The Thumb: Short takes
Down the tube • Officials in Iron County have opted out of the Lake Powell Pipeline, making the wise decision that conservation is a better answer. They are looking ahead to a day that all Utah communities will have to face. Mother Nature isn't making any more water, and neither the environment nor the economy is able to support a scheme to pipe it 200 miles from Lake Powell to Cedar City. Utahns can't continue to pour precious water on their lawns and ornamental plants. We also need to conserve agricultural water and divert the savings toward urban uses or toward recharging aquifers. Fortunately, many Utahns already are moving in that direction, both individually and collectively, through the policies of their water districts. Pumping 20,000 acre-feet of water uphill to Cedar City, then paying for Iron County's $400 million share of the pipe with impact fees from projected growth, is a leap of faith that cooler heads decided is not worth taking.
Plan for Wasatch canyons • And while we're on the topic of water, community leaders in Salt Lake County had better get on the stick if they are going to protect the Wasatch mountain watersheds from further encroaching development, especially by ski resorts. That's just one critical issue that must be addressed by a new canyons master plan. Community leaders announced the formation of a blue ribbon committee last week, after a proposal from Snowbird resort for a mountain coaster last year alerted them that their existing tools are out of date. The SkiLink proposal to run a gondola from the Canyons Resort on the Wasatch Back to Solitude in Big Cottonwood Canyon represents another threat. The county last addressed canyons planning in the 1980s. Writing a new plan will be a challenge, in terms of transportation, land use and watershed protection. But government clearly is behind the curve, and it needs to catch up.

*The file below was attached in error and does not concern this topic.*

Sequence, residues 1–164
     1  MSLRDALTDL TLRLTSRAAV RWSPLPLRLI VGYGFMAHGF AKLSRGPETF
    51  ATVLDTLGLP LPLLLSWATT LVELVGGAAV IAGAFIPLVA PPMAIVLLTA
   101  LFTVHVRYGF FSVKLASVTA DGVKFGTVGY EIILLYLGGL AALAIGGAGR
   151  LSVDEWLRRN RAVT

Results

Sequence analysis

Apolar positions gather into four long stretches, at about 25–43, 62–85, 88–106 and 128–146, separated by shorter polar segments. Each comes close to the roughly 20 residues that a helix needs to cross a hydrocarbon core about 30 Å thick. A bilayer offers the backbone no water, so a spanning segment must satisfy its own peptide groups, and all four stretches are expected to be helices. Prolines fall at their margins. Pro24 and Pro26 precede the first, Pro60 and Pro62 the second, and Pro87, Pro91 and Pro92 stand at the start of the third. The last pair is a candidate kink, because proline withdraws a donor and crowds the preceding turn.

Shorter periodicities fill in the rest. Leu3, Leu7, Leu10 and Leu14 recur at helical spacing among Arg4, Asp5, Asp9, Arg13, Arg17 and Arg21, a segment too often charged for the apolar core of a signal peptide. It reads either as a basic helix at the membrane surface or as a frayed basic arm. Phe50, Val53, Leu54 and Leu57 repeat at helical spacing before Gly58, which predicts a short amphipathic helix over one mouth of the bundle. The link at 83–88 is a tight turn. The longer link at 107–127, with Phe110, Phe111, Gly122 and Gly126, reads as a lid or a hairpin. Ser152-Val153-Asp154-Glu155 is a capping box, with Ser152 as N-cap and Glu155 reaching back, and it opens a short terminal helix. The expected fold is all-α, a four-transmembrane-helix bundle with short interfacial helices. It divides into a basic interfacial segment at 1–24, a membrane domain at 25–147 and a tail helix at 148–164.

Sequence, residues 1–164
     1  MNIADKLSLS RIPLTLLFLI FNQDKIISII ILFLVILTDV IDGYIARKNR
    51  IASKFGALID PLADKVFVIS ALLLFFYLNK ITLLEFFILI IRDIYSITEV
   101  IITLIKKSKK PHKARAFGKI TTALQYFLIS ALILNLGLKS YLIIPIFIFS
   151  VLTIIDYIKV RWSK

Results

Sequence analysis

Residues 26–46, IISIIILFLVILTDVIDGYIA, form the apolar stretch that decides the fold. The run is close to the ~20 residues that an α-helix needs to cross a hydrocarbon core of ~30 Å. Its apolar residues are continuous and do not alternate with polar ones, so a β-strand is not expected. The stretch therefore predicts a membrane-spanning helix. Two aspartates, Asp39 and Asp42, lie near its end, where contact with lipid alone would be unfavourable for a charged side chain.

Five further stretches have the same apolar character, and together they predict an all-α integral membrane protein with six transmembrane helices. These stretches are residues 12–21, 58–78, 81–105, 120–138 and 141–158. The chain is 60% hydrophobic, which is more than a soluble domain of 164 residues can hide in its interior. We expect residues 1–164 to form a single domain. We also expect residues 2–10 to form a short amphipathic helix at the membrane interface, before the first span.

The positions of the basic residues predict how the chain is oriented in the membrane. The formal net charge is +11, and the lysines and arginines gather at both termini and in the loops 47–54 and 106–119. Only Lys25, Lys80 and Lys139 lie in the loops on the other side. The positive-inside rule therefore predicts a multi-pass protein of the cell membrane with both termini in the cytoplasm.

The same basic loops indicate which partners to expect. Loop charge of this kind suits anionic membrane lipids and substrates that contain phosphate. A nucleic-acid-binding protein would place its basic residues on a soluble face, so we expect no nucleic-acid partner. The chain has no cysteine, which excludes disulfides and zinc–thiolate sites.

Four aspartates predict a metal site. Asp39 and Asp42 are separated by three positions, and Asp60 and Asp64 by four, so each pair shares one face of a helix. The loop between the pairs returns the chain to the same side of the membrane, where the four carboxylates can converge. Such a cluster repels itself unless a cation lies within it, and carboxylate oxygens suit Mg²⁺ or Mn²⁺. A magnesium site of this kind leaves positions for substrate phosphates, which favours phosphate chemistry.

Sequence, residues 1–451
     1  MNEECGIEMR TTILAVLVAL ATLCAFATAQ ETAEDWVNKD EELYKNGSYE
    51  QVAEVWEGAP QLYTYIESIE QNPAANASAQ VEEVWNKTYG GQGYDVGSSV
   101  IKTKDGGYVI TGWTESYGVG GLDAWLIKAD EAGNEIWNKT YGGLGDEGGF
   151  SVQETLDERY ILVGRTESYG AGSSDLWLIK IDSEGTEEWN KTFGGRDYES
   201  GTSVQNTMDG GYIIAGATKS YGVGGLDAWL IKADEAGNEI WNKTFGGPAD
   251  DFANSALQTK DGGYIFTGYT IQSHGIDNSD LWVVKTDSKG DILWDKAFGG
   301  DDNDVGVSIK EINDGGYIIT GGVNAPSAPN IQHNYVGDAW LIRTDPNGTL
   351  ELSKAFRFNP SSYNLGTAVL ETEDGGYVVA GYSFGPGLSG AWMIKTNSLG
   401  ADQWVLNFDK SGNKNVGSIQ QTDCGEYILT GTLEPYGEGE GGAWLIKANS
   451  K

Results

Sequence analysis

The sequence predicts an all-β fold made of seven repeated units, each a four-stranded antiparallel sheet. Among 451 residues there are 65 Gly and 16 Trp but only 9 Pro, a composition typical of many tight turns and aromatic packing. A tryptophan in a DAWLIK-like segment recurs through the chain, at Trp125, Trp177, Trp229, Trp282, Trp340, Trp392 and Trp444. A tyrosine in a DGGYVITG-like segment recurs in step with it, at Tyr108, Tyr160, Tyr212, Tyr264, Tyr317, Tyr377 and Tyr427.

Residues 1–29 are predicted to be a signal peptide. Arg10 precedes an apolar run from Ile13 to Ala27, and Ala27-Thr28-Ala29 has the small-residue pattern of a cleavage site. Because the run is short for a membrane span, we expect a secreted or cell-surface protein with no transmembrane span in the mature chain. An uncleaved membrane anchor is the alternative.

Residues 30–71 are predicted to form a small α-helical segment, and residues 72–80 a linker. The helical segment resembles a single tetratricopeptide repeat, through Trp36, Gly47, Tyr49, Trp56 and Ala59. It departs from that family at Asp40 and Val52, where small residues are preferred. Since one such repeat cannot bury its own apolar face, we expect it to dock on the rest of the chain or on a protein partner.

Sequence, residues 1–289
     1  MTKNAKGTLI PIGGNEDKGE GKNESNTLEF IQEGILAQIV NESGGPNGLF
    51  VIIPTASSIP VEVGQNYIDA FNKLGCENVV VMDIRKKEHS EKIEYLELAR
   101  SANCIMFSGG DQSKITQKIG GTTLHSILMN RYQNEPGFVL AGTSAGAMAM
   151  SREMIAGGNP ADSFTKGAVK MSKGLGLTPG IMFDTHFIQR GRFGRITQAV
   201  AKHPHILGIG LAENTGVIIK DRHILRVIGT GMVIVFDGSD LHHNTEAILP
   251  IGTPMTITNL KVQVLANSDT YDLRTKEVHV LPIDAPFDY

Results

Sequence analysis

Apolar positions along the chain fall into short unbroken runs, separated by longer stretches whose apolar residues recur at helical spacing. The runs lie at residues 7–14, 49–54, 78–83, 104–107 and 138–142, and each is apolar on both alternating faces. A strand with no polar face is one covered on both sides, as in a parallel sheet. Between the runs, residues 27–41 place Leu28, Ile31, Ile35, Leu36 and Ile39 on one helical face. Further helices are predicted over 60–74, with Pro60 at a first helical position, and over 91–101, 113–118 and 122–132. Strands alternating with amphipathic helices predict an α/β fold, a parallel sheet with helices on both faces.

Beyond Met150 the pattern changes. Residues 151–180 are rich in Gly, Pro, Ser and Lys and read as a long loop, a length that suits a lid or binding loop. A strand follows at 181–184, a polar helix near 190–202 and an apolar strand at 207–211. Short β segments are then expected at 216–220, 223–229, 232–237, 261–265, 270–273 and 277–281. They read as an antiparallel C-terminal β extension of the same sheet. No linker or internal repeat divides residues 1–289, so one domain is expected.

Health insurance gets a check-up • It was good to read the other day that the Utah Department of Insurance is auditing the proposed rate hikes from two health insurance providers that are coming in at 14 to 19 percent. Such reviews of rate increases topping 10 percent are required by the federal Affordable Care Act, and they have the potential to call insurance providers out when they claim poverty while spending huge percentages of their revenue on overhead and executive pay rather than providing health care to their customers.